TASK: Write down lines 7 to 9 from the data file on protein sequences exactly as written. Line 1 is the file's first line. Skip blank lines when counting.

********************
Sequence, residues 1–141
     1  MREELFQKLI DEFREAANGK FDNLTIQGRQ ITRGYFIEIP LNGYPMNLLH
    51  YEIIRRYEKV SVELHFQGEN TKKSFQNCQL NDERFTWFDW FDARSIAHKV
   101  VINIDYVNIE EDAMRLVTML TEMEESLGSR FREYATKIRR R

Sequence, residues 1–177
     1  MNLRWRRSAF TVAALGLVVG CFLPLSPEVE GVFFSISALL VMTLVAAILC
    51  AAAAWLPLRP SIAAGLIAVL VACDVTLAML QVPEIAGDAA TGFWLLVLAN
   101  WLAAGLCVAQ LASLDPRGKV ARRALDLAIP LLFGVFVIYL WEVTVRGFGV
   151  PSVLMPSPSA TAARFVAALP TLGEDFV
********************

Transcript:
    51  AAAAWLPLRP SIAAGLIAVL VACDVTLAML QVPEIAGDAA TGFWLLVLAN
   101  WLAAGLCVAQ LASLDPRGKV ARRALDLAIP LLFGVFVIYL WEVTVRGFGV
   151  PSVLMPSPSA TAARFVAALP TLGEDFV